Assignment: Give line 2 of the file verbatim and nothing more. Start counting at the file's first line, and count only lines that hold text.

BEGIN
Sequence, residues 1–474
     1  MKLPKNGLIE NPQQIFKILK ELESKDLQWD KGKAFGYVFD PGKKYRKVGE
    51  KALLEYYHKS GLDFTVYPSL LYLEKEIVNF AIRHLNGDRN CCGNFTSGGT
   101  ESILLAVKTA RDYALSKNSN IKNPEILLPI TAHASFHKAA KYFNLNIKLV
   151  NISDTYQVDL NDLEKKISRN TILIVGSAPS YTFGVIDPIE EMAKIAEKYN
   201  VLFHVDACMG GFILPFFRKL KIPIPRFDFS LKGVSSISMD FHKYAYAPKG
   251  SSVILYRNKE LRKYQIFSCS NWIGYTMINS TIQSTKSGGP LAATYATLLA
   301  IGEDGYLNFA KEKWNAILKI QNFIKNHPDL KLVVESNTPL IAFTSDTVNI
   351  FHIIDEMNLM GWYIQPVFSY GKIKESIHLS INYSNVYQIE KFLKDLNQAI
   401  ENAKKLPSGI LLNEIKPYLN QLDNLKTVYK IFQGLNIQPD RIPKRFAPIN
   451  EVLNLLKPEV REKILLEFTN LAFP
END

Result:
     1  MKLPKNGLIE NPQQIFKILK ELESKDLQWD KGKAFGYVFD PGKKYRKVGE